If intense subject matter like All the Gold is not the type of poetry you’re looking for, Caribou Run might be.

In Kemick’s collection, readers will find 87 pages of poems about caribou. Yes, you read that correctly – 87 pages of poetry solely about every Canadian’s favourite gangly, antlered animal.

“I had originally wanted to write about reindeer,” Kemick explained when asked why he chose this topic. “Personally, I’m in love with the whole North Pole mystique. Unfortunately, the collection was dependent on government funding, and I was told that you only get funding if you’re writing about Canadian people or animals. Caribou are the Canadian equivalent of reindeer.”

If readers are worried that they may get bored reading that many poems about such a narrow topic, they should fear not. While the collection shares one theme, the poems are all incredibly variant and Caribou Run features some of the most entertaining poetry they will ever read. Boys and girls, young and old, can all find something interesting in this collection.

Some of Kemick’s poems, like “Crossing (Thetis Lake)”, are informative pieces that educate the reader about the migrating patterns of caribou. Others are just downright hilarious.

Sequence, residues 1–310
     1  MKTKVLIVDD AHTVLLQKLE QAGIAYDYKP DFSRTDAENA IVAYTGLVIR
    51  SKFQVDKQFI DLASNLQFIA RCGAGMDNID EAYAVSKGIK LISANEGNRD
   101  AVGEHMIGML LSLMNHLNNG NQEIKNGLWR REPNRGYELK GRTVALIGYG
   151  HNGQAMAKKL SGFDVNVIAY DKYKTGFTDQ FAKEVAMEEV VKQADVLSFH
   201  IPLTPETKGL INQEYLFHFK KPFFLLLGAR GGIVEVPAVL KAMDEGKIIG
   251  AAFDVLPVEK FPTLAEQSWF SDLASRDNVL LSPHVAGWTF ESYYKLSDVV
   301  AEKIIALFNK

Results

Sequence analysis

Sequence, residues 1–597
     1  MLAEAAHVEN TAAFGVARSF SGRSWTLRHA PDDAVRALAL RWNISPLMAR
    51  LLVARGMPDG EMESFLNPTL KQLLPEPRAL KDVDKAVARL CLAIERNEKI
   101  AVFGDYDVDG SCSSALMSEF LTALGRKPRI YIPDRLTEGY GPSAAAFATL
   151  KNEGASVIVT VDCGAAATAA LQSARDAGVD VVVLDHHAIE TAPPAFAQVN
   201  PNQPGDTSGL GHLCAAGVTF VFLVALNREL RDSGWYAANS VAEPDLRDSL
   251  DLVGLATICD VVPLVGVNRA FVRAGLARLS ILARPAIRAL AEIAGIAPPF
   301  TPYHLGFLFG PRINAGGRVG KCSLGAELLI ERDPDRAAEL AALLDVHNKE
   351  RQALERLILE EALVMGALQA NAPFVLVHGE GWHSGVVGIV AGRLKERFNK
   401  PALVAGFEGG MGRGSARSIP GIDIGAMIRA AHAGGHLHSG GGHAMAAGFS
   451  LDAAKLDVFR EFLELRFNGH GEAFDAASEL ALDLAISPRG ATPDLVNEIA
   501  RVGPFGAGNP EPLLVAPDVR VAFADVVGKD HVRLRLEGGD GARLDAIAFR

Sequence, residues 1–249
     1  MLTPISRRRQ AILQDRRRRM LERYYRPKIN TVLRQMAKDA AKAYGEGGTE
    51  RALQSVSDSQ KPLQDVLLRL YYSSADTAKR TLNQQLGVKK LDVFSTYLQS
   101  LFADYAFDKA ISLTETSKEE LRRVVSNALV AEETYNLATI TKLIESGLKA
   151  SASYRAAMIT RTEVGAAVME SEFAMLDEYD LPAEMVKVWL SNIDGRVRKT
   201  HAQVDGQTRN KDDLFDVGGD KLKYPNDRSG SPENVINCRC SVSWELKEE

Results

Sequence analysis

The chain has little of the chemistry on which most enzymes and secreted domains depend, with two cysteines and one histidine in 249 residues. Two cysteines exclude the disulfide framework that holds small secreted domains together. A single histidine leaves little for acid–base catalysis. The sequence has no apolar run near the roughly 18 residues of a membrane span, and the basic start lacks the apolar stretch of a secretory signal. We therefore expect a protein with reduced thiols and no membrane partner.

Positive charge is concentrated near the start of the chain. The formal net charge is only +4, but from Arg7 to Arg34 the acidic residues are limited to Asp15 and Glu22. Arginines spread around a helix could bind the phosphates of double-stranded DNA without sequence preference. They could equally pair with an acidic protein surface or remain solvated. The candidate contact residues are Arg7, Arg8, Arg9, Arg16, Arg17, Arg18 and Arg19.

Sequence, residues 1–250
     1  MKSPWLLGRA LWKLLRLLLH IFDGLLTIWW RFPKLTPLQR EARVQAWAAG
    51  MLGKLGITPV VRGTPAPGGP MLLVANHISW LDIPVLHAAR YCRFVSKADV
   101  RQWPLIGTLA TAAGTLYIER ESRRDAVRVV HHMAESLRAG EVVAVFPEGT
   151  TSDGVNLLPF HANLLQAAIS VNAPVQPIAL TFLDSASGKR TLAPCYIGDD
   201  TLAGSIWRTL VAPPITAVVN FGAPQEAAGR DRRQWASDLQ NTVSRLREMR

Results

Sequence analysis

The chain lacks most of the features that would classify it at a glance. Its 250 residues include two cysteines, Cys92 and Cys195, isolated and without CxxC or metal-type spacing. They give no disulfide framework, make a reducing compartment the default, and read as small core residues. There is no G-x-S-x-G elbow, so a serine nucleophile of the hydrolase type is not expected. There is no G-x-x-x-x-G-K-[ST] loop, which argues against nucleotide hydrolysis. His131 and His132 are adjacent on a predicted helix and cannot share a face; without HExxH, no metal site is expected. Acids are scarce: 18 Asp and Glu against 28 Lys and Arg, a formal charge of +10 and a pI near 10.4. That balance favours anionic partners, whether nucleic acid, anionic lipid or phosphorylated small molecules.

Take “Genesis 1:24”, for example. It portrays God in the act of creating the caribou, but Kemick presents God as a scruffy man running on very little sleep, with dirty Tupperware containers strewn everywhere. He doodled a rough draft of the caribou because He “thought it would keep his mind off his spat with Lucifer”.

While some may not appreciate this not-so-almighty, struggling artist version of God, it had me snickering the whole way through. Kemick’s portrayal of the Creation process was incredibly witty, and it was a very clever way of writing another caribou poem – which he said became a challenge for him after a while.

“About thirty pages into the book I just couldn’t do it anymore,” he stated. “So what I did was start writing poems about other antlered animals. Elk, moose, deer, mountain goats. You can really write a poem about anything! Once I’d written these other poems (in my notebook I called them the “other-antlers”), I went back and changed all the animals to caribou. It was an incredibly cathartic experience.”

In the end, that difficult process definitely paid off. Kemick’s creativity truly knows no bounds; readers will be astonished by just how many poems he was capable of turning out – about caribou, of all possible things!

I highly recommend giving both collections a try. Poetry can be a great break from all of that (potentially boring) assigned reading that you have, and both books will really make you think – be it about the issues women are facing in a modern, media dominated world, or the impact humanity is having on the survival of a species so deeply rooted in our Canadian culture.

 

Both Katherine Leyton and Richard Kelly Kemick will be speaking about their poetry collections on October 4 in the Ganong Hall Lecture Theatre at 7:00pm. Everyone is welcome to attend, and encouraged to speak to the authors about their work after the readings.